Editor’s letter: Talent wars & myths

Anyone who reckons we don’t have war for talent at the moment is buying in to an urban myth of damaging proportions. Talent management is one of the single most important challenges that business leaders face today. So with that in mind, we’re taking the unusual step of dedicating the lion’s share of the articles in this issue to this one topic. Spread throughout the magazine are articles on how to recruit, manage, motivate, lead, inspire, reward and retain the very best person for each and every job.
As HR2GO’s Julia Stones said at HRINZ conference in Wellington earlier this year, those people who look for talented individuals know the war has just been masked by the GFC. NZ Inc, she says, clearly needs to harness the skills of talented individuals to safeguard NZ on global stage.
So in this month’s cover story (“Why diversity really matters” page 28) we examine the idea that tapping in to the creative energies of all people in NZ will make material difference to our wealth and future as nation. Business has long embraced the mantra, so are we making any headway?
Yes and no, according to our research. There’s still much progress to be made in improving the fate meted out to many new migrants to Kiwiland who struggle to find work that fully utilises their skills. Women’s acceptance into boardrooms in meaningful numbers has stalled. And the “access economy”, which utilises the skills and resources of NZ’s many people with disabilities, remains largely untapped.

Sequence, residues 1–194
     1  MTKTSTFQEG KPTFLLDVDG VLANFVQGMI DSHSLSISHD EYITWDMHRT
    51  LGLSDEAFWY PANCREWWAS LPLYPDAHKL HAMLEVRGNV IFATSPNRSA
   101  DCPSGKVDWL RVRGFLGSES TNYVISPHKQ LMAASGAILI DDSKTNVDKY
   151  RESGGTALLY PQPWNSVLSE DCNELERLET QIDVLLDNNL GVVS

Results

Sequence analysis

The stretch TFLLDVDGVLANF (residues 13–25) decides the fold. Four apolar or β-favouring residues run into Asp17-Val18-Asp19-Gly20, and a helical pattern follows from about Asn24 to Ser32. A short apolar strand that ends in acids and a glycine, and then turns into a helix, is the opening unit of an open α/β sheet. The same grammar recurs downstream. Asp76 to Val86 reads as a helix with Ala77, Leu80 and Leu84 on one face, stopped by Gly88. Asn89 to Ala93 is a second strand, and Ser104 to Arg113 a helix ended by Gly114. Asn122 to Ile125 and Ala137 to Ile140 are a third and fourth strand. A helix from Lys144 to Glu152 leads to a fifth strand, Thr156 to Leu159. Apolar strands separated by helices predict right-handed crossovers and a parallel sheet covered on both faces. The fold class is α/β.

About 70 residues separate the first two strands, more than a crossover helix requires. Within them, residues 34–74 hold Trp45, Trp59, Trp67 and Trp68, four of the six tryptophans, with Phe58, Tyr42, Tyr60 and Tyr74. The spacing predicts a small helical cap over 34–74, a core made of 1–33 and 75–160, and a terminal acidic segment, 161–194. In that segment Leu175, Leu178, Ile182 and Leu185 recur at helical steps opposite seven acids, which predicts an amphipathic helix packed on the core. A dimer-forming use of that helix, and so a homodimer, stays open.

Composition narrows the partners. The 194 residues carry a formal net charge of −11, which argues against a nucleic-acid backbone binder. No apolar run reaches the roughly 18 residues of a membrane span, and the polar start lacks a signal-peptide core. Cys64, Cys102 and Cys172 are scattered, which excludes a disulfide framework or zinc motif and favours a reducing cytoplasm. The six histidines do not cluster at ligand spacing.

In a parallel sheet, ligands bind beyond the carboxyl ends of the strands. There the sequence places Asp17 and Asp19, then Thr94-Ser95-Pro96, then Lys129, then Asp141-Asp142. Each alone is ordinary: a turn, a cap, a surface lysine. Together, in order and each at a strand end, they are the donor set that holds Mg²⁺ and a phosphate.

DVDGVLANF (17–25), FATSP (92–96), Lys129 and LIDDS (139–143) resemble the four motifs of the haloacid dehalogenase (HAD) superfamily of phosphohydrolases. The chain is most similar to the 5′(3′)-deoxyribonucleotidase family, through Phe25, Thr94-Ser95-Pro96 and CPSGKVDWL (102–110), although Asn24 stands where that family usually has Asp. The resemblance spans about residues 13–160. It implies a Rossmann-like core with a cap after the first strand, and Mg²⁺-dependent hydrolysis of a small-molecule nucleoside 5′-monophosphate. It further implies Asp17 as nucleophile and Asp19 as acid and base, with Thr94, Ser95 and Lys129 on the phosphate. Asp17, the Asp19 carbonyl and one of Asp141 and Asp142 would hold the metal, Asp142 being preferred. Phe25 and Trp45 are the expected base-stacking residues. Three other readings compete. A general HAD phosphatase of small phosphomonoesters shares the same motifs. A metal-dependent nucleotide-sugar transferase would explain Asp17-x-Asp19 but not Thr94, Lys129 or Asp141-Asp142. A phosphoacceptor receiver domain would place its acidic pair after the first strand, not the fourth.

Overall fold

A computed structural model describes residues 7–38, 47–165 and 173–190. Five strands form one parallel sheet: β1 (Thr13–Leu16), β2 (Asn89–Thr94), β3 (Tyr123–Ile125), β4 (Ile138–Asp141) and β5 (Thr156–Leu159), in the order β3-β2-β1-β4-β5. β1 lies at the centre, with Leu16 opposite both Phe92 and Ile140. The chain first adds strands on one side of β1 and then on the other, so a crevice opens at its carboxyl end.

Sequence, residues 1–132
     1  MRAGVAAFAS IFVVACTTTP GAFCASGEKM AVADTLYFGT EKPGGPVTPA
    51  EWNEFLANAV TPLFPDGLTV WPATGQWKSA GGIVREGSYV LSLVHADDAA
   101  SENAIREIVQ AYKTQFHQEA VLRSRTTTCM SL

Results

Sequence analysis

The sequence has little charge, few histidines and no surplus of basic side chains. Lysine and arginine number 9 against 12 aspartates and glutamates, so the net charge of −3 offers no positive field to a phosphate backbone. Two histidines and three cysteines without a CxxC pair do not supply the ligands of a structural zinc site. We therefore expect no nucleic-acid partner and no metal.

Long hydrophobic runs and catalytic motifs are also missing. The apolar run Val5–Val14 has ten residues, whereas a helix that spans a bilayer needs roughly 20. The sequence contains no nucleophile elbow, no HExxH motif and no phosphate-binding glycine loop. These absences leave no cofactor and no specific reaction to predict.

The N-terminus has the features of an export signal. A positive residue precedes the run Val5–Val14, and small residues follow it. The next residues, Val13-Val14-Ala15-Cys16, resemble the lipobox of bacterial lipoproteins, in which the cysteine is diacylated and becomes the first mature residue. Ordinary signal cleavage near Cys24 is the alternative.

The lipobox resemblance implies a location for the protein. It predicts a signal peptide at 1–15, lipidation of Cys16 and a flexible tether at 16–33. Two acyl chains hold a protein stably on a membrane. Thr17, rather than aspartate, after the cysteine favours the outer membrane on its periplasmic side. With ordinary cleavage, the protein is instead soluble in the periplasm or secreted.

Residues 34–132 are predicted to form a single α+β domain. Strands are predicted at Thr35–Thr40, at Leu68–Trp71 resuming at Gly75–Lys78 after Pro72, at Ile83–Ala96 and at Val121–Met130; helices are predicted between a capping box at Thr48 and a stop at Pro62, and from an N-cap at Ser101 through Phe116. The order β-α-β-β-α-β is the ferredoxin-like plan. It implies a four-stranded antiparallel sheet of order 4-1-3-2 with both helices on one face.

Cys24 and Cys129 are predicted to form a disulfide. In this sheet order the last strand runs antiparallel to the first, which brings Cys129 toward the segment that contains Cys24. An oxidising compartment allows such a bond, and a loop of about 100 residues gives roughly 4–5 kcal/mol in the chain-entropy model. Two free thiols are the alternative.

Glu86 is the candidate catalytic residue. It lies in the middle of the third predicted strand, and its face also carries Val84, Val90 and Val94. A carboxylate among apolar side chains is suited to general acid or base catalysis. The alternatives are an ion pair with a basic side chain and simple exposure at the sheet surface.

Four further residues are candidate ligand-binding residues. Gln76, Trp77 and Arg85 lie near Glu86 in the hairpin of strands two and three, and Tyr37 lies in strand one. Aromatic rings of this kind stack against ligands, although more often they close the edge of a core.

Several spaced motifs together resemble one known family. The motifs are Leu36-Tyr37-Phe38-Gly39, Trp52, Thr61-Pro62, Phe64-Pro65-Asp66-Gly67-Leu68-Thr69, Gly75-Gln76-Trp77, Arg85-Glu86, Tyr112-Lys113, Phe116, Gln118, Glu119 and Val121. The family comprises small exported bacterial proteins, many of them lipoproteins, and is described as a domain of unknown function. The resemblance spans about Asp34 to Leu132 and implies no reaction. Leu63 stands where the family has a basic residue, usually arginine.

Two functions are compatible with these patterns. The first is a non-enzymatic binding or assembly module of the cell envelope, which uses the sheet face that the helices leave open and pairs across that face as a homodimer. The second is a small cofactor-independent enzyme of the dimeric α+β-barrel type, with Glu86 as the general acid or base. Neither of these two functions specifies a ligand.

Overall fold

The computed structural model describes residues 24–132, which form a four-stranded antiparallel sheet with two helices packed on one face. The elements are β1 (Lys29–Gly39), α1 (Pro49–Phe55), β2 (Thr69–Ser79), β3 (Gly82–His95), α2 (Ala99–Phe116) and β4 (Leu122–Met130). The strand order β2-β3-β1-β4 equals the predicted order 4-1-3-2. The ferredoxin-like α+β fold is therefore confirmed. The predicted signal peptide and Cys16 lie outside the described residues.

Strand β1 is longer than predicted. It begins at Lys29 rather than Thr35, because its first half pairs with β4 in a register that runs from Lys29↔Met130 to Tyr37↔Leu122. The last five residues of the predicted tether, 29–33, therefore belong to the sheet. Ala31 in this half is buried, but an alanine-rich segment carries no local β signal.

Our experts share their practical solutions. In “The future of talent” (page 36), for example, four business leaders explain how they manage the talent pipeline in their own organisations. And in his piece on remuneration (page 42), Strategic Pay’s Jarrod Moyle uses his firm’s latest HR metrics survey to benchmark everything from recruitment and training, to sick days, absenteeism and staff turnover.
Meanwhile (page 44), Angela Neighbours, from executive development and coaching company ilume International, talks about how transformational thinking can help executives focus on what’s truly valuable for both themselves and their organisations. It’s not for the faint-hearted, she warns.
And Marjolein Lips-Wiersma shares her insights on the meaning of work – or why we all get out of bed and bounce, rather than crawl, into work each morning. It’s the stuff that makes workplaces zing.
Finally, nailing all this stuff to personal outcomes, our professional development guide (page 48) outlines practical ways in which each and every individual can forward their own prospects and wage their very own war on talent. That should put some zing into everyone’s career.

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